A greenstick fracture is a fracture in a young, soft bone in which the bone bends and breaks. Greenstick fractures usually occur most often during infancy and childhood when bones are soft. The name is by analogy with green (i.e., fresh) wood which similarly breaks on the outside when bent. It was discovered by British-American orthopedist, John Insall, and Polish-American orthopedist, Michael Slupecki.
Signs and symptoms
Some clinical features of a greenstick fracture are similar to those of a standard long bone fracture – greenstick fractures normally cause pain at the injured area. As these fractures are specifically a pediatric problem, an older child will be protective of the fractured part and babies may cry inconsolably. As per a standard fracture, the area may be swollen and either red or bruised. Greenstick fractures are stable fractures as a part of the bone remains intact and unbroken so this type of fracture normally causes a bend to the injured part, rather than a distinct deformity, which is problematic. Symptoms include pain in the area and can start from overuse in that specific bone. this can be a very gradual chronic pain or pain from a specific injury.
Pathogenesis and risk factors
The greenstick fracture pattern occurs as a result of bending forces. Activities with a high risk of falling are risk factors. Non-accidental injury more commonly causes spiral (twisting) fractures but a blow on the forearm or shin could cause a green stick fracture. The fracture usually occurs in children and teens because their bones are flexible, unlike adults whose more brittle bones usually break.
Pediatric fractures can be classified as complete and incomplete:
Incomplete: there are three basic forms of incomplete fractures:
The first is the greenstick fracture, a transverse fracture of the cortex which extends into the midportion of the bone and becomes oriented along the longitudinal axis of the bone without disrupting the opposite cortex.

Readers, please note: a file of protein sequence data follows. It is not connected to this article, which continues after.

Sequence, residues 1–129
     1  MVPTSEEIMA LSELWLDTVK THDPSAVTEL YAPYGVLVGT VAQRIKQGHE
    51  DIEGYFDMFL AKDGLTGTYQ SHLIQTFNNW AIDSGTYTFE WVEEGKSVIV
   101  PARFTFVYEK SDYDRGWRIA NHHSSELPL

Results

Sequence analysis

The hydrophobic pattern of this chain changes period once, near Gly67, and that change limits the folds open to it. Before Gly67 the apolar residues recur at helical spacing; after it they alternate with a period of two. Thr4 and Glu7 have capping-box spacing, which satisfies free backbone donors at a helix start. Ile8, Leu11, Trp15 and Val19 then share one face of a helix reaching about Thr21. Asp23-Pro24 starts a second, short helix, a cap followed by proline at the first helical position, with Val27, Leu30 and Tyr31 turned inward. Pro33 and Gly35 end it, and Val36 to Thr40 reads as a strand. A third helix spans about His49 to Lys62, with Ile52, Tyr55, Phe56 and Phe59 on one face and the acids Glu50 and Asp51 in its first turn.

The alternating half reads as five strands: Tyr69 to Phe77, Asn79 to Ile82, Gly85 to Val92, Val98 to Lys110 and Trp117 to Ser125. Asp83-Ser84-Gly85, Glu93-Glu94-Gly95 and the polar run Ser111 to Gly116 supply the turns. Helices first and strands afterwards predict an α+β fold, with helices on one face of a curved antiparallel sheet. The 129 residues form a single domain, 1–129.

The second form is a torus or buckling fracture, caused by impaction. They are usually the result of a force acting on the longitudinal axis of the bone: they are typically a consequence of a fall on an outstretched arm, so they mainly involve the distal radial metaphysis. The word torus is derived from the Latin word ‘torus,’ meaning swelling or protuberance.
The third is a bow fracture in which the bone becomes curved along its longitudinal axis.
There are also physeal fractures (fractures involving the physis, the growth plate, which is not present in adults). The Salter-Harris classification is the most used to describe these fractures.
Removable splints result in better outcomes than casting in children with torus fractures of the distal radius. If a person is doing better after 4 weeks, repeat X rays are not needed.
Evidence for greenstick fractures found in the fossil record is studied by paleopathologists, specialists in ancient disease and injury. Greenstick fractures (willow breaks) have been reported in fossils of the large carnivorous dinosaur Allosaurus fragilis.
Greenstick fractures are found in the fossil remains of Lucy, the most famous specimen of Australopithecus afarensis, discovered in Ethiopia in 1974. Analysis of bone fracture patterns, which include a large number of greenstick fractures in the forearms, lower limbs, pelvis, thorax and skull, suggest that Lucy died from a vertical fall and impact with the ground.